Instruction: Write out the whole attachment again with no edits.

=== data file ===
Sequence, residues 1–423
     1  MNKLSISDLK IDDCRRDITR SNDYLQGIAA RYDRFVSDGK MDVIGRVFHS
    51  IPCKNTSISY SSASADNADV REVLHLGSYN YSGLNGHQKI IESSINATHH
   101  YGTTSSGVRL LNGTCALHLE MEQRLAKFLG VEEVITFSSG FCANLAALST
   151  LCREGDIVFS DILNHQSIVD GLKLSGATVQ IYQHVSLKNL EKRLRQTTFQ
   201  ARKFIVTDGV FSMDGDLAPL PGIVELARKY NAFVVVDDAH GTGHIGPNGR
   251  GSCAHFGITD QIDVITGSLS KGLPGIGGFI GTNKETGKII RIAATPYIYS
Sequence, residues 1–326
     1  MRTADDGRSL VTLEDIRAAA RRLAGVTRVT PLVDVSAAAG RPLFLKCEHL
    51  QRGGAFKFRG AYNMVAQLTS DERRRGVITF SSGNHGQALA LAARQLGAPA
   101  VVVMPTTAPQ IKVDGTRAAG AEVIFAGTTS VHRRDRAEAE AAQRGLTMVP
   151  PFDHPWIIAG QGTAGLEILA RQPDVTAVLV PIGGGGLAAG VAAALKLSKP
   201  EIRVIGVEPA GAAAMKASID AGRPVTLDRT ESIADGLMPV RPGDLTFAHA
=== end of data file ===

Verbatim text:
Sequence, residues 1–423
     1  MNKLSISDLK IDDCRRDITR SNDYLQGIAA RYDRFVSDGK MDVIGRVFHS
    51  IPCKNTSISY SSASADNADV REVLHLGSYN YSGLNGHQKI IESSINATHH
   101  YGTTSSGVRL LNGTCALHLE MEQRLAKFLG VEEVITFSSG FCANLAALST
   151  LCREGDIVFS DILNHQSIVD GLKLSGATVQ IYQHVSLKNL EKRLRQTTFQ
   201  ARKFIVTDGV FSMDGDLAPL PGIVELARKY NAFVVVDDAH GTGHIGPNGR
   251  GSCAHFGITD QIDVITGSLS KGLPGIGGFI GTNKETGKII RIAATPYIYS
Sequence, residues 1–326
     1  MRTADDGRSL VTLEDIRAAA RRLAGVTRVT PLVDVSAAAG RPLFLKCEHL
    51  QRGGAFKFRG AYNMVAQLTS DERRRGVITF SSGNHGQALA LAARQLGAPA
   101  VVVMPTTAPQ IKVDGTRAAG AEVIFAGTTS VHRRDRAEAE AAQRGLTMVP
   151  PFDHPWIIAG QGTAGLEILA RQPDVTAVLV PIGGGGLAAG VAAALKLSKP
   201  EIRVIGVEPA GAAAMKASID AGRPVTLDRT ESIADGLMPV RPGDLTFAHA